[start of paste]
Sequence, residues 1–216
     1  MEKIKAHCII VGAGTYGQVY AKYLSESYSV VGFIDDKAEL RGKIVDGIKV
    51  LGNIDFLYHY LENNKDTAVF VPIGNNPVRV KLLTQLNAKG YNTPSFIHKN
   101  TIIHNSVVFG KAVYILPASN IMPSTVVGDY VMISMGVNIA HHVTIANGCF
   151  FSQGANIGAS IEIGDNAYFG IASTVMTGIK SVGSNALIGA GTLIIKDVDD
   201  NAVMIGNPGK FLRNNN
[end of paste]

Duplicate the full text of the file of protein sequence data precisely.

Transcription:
Sequence, residues 1–216
     1  MEKIKAHCII VGAGTYGQVY AKYLSESYSV VGFIDDKAEL RGKIVDGIKV
    51  LGNIDFLYHY LENNKDTAVF VPIGNNPVRV KLLTQLNAKG YNTPSFIHKN
   101  TIIHNSVVFG KAVYILPASN IMPSTVVGDY VMISMGVNIA HHVTIANGCF
   151  FSQGANIGAS IEIGDNAYFG IASTVMTGIK SVGSNALIGA GTLIIKDVDD
   201  NAVMIGNPGK FLRNNN